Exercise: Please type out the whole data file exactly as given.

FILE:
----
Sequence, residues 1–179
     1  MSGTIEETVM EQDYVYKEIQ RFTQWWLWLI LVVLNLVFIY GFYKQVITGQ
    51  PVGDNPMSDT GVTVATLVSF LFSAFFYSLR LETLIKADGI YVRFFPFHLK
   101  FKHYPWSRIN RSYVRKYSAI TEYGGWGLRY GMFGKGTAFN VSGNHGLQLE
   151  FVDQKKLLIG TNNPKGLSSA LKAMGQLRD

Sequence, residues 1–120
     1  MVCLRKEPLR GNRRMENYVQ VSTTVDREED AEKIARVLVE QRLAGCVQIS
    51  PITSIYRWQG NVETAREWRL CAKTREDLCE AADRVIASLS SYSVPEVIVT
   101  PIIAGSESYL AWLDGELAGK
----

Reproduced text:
Sequence, residues 1–179
     1  MSGTIEETVM EQDYVYKEIQ RFTQWWLWLI LVVLNLVFIY GFYKQVITGQ
    51  PVGDNPMSDT GVTVATLVSF LFSAFFYSLR LETLIKADGI YVRFFPFHLK
   101  FKHYPWSRIN RSYVRKYSAI TEYGGWGLRY GMFGKGTAFN VSGNHGLQLE
   151  FVDQKKLLIG TNNPKGLSSA LKAMGQLRD

Sequence, residues 1–120
     1  MVCLRKEPLR GNRRMENYVQ VSTTVDREED AEKIARVLVE QRLAGCVQIS
    51  PITSIYRWQG NVETAREWRL CAKTREDLCE AADRVIASLS SYSVPEVIVT
   101  PIIAGSESYL AWLDGELAGK